I came to economics in high school because it lets me pursue my love of both math and history. But I soon realized economics was much more than that. By the end of college, I was entirely enamoured by the field.
For one, I loved the challenges it posed; the way it forced me to think both creatively and analytically. I appreciated that there was always something new to learn and discover. I have never been bored by economics (even in that long lecture with the monotone voice).
The challenges of economics captivated me, but it is the discipline’s ability to do good that is keeping me. Economics isn’t just crunching numbers and debating the imposing threat of inflation, it’s about understanding how to improve the lives of those around us. I want to leave a positive mark on this world, and I believe economics is the best means to do so.
Kristalina Georgieva once said, “economics is not a dismal science, but rather an empathetic science.” This resonated with me. It gave me hope about what I can do with the knowledge and tools of economics. For that, I am happy to be in economics and continue deeper into the field.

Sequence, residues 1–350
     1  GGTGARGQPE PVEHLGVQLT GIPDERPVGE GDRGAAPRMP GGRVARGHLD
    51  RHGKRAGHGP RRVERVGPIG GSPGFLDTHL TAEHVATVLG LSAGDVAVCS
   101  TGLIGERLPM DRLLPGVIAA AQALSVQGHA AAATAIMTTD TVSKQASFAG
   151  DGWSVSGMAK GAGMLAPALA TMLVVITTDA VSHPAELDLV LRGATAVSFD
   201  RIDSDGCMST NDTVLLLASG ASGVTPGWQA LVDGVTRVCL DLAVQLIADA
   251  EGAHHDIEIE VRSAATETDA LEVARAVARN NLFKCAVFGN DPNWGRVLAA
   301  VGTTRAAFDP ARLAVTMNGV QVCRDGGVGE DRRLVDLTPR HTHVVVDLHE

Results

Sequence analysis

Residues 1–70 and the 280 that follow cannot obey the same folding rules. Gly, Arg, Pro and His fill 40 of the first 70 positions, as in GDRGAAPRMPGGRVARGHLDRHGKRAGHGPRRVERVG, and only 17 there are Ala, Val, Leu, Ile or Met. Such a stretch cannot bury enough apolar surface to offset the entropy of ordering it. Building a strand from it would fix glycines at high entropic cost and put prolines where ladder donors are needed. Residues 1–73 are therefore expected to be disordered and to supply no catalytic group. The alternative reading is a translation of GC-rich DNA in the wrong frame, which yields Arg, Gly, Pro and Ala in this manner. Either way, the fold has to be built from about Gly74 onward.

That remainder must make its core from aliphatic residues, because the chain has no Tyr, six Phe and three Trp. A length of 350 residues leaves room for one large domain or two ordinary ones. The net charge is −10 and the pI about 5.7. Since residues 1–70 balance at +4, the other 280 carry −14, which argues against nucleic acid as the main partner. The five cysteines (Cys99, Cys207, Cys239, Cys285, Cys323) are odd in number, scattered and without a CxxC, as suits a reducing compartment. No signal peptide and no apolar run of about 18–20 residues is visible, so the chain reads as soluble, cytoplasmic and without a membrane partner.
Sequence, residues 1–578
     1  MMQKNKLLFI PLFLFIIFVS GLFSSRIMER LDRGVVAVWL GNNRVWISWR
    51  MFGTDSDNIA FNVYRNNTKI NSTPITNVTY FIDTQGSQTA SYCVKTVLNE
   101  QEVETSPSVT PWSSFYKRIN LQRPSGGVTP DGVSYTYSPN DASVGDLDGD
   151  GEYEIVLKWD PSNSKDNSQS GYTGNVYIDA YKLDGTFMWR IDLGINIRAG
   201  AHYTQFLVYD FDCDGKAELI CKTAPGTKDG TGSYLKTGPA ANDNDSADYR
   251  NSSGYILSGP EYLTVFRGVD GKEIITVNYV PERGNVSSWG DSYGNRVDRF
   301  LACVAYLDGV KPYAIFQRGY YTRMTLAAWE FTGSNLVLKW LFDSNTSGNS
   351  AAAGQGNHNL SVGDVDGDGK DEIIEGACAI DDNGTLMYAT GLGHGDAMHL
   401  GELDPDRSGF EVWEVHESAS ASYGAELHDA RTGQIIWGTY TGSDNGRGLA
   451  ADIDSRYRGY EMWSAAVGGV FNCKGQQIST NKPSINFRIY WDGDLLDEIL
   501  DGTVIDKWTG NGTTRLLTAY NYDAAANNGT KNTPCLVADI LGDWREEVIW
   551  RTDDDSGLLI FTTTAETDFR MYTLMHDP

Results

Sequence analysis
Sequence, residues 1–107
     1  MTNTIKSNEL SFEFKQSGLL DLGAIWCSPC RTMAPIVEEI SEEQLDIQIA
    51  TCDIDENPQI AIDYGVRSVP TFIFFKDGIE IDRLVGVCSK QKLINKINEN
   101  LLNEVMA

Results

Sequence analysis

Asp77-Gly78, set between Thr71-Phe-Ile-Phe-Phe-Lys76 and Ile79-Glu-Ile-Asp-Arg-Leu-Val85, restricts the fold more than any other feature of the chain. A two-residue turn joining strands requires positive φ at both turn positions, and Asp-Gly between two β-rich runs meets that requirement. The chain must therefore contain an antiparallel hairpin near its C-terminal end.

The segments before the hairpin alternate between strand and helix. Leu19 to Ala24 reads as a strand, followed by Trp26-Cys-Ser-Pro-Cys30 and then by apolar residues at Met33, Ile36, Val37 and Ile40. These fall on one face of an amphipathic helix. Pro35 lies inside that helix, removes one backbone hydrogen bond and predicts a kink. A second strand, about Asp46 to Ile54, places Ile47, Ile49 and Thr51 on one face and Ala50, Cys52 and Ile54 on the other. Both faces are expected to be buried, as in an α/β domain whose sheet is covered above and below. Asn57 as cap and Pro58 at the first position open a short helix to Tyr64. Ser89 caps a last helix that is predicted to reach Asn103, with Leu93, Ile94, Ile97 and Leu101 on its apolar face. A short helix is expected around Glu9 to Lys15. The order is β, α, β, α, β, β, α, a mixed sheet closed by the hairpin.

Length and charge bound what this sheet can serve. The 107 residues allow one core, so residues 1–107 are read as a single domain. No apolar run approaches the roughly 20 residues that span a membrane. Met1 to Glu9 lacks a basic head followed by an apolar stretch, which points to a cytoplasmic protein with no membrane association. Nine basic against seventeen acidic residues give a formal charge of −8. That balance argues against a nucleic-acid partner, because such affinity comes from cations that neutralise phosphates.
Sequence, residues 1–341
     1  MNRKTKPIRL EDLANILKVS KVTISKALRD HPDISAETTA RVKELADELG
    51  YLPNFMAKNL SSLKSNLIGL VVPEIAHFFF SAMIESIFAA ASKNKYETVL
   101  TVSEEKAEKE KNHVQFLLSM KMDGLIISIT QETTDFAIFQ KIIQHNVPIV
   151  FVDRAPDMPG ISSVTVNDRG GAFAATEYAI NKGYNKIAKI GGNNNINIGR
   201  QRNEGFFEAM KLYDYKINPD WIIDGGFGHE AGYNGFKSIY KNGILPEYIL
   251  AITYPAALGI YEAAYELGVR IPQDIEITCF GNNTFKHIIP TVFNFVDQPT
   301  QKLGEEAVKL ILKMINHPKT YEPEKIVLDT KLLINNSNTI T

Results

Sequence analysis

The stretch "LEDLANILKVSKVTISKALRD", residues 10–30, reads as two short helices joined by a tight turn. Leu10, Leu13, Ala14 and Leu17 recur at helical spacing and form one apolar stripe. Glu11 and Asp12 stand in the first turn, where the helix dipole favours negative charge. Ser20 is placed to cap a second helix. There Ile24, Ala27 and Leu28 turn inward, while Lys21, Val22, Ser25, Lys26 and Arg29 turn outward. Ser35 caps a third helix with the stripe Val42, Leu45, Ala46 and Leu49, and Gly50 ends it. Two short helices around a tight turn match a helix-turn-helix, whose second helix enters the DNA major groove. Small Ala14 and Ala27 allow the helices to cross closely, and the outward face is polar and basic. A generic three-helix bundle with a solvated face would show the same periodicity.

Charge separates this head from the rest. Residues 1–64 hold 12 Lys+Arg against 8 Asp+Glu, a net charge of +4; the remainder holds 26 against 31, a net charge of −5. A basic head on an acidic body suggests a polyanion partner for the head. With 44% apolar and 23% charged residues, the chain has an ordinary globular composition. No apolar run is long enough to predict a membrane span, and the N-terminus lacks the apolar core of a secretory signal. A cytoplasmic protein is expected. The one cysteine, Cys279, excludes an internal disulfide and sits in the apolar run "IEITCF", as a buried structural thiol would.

-Ella from the United States, Master’s Student in Economics
The views expressed in WiE opinion pieces are those of the authors and do not necessarily reflect the opinion of the organisation, its partners, other members, or any other affiliated people and organisations. As ever-learning, critical-thinking people, these opinions are subject to revision and adjustment at any time. WiE welcome constructive feedback in the comments section below and reserve the right to delete any comment deemed inappropriate, rude, irrelevant, or abusive. All posts are for informative purposes only and, while they are accurate and authentic to the best of our knowledge, WiE accepts no liability for any errors or missing information.